Should We Genetically “Disenhance” Animals on Factory Farms to Improve Their “Welfare”?
“Why We Should Genetically ‘Disenhance’ Animals Used in Factory Farms”
By Jonathan Latimer
“Disenhancement is a genetic modification that removes an animal’s capacity to feel pain. Scientists hope to be able to do this without inflicting any pain at all. So, disenhancement promises to reduce suffering in factory-farmed animals by removing their capacity to feel pain caused by their terrible environment. I will defend the process of genetic ‘disenhancement’ of animals used for factory farming. I suggest that disenhancement will significantly increase the quality of life for animals in factory farms, and that this benefit is robust against objections that disenhancement is harmful to animals and that it fails to address the immorality of factory farming.”
— University of Oxford student Jonathan Latimer. “Oxford Uehiro Prize in Practical Ethics: Why We Should Genetically ‘Disenhance’ Animals Used in Factory Farms,” March 5, 2018.
“Why We Should NOT Genetically ‘Disenhance’ Animals Used in Factory Farms”
By Karen Davis, PhD
I reject the claim that genetically destroying an animal’s ability to experience “pain,” in order to fit the animal into a human-contrived system of abuse, constitutes an ethical solution to the suffering of these animals. Consider the fact that:
Suffering involves more than the ability to feel pain. Suffering refers to a wound, injury, trauma or harm sustained by a sentient individual whether or not the individual experiences the injury in the form of pain per se. For example, a brain concussion or a malignant tumor may not be experienced by the individual until the disease has progressed. Destroying a creature’s brain, nervous system and other mind and body parts necessarily inflicts suffering on that creature, in this case, to fit helpless animals into a cruel system of commercial confinement.
To de-wing, de-brain and otherwise amputate a part of an animal’s very self in order to fit the animal into an abusive system, and then seek to justify the harm as being performed for the animal’s benefit, represents an ultimate lack of respect for the victim of an enterprise that presumably few would embrace if, instead of chickens or other nonhuman beings, the proposed recipients were human beings. One matter of concern is the likely survival of memory in the mutilated creature of who he or she was before the mutilation was inflicted, as in the case of phantom limb pain.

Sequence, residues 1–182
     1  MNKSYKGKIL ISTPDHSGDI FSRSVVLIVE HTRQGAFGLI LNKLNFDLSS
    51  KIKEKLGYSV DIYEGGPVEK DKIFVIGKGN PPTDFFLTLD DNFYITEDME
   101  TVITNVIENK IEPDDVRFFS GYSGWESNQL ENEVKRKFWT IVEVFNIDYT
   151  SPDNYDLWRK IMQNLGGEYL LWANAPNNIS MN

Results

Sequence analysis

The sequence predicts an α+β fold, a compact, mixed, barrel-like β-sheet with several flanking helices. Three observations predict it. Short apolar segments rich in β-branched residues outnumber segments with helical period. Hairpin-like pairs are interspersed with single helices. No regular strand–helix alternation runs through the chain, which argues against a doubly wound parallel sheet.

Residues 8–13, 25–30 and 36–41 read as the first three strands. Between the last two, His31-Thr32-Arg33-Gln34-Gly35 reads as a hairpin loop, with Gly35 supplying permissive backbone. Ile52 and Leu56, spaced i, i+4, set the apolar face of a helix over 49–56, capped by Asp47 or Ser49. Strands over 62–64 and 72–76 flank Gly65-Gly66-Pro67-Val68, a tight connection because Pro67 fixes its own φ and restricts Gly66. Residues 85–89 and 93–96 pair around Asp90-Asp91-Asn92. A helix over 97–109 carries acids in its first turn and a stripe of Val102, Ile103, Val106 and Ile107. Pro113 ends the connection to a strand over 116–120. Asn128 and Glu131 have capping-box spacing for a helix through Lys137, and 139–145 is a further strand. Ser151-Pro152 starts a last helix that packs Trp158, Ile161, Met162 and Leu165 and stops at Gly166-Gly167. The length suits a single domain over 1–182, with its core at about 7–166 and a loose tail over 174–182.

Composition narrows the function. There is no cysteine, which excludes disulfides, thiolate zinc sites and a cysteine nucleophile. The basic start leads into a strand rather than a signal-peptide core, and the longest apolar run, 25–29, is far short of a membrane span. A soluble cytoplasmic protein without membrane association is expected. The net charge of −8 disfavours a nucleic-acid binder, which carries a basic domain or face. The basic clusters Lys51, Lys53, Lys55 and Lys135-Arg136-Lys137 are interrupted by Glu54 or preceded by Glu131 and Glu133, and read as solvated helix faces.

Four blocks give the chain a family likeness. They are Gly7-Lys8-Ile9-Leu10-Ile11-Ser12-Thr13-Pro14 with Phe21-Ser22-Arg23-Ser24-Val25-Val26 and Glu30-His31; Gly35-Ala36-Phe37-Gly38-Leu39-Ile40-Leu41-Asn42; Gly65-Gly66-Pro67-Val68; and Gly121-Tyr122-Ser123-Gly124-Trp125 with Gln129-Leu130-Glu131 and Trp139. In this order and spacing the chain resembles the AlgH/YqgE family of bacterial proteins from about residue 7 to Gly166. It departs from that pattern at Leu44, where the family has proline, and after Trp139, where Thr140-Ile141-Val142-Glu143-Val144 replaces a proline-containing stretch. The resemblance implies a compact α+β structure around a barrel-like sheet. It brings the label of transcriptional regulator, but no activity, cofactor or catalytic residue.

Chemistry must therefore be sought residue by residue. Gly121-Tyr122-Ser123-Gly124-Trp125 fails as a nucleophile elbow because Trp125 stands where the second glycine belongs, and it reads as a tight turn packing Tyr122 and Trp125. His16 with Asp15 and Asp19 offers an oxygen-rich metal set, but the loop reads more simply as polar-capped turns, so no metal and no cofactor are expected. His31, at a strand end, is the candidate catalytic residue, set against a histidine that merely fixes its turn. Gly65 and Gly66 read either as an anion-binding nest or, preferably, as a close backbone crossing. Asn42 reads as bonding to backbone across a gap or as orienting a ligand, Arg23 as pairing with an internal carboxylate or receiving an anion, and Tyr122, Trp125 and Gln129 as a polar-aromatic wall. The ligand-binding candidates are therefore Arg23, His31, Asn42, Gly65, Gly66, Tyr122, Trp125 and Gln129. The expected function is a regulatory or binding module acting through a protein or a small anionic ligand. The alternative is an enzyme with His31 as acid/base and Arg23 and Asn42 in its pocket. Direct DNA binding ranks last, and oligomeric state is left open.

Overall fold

The neurologist Oliver Sacks discussed the persistence of what he called “emotional memory” in people suffering from amnesia who have lost the ability to connect and recall the daily events of their lives, but who nevertheless appear to have “deep emotional memories or associations . . . in the limbic system and other regions of the brain where emotional memories are represented.”
The consciousness of other animals including birds is similarly rooted in and shaped by emotional memory. Birds possess limbic systems and other regions of the brain that give rise to experience in much the same way as the human cerebral cortex. Scientists cite neurological evidence that the amputated stump of a debeaked bird continues to discharge abnormal nerves in fibers running from the beak stump for weeks after beak trimming, similar to what happens in human amputees. A “memory” of the amputated beak part persists in the brain, beak, and facial sensations, even after healing has occurred.
Scientists also cite the persistence of “ancestral memories” in factory-farmed chickens who, though they have never personally experienced the ground under their feet, show the same drive, given the chance, to scratch the soil for food as do their jungle-fowl relatives who spend hours scratching away at the leaves of the forest floor to reach the tiny bamboo seeds they so love.
Perhaps these deeply structured memory formations, retentions, and ineffable networks of knowledge in the body and brain of a factory-farmed chicken give rise to “phantom limbic memories”– to subjective, embodied experiences in which even dismembered or mutilated body parts awaken a distant memory of who he or she really is, or was. Wingless, beakless, and brain-damaged, do the chickens recall their wholeness in the phantom limbic soul of themselves? And if they do, are such memories of their essential identity, experienced as a compensation or a curse?
We have become accustomed, through the environmental movement, to think of species extinction as the worst fate that can befall a sentient organism. But the chicken’s doom, engineered by humanity, is not to become extinct, but to proliferate endlessly in agony.
This topic is addressed in Karen Davis’s article “Chicken-Human Relationships: From Procrustean Genocide to Empathic Anthropomorphism” published in Spring Journal, edited by Gay Bradshaw, and in Critical Theory and Animal Liberation, edited by John Sanbonmatsu under the title “Procrustean Solutions to Animal Identity and Welfare Problems.”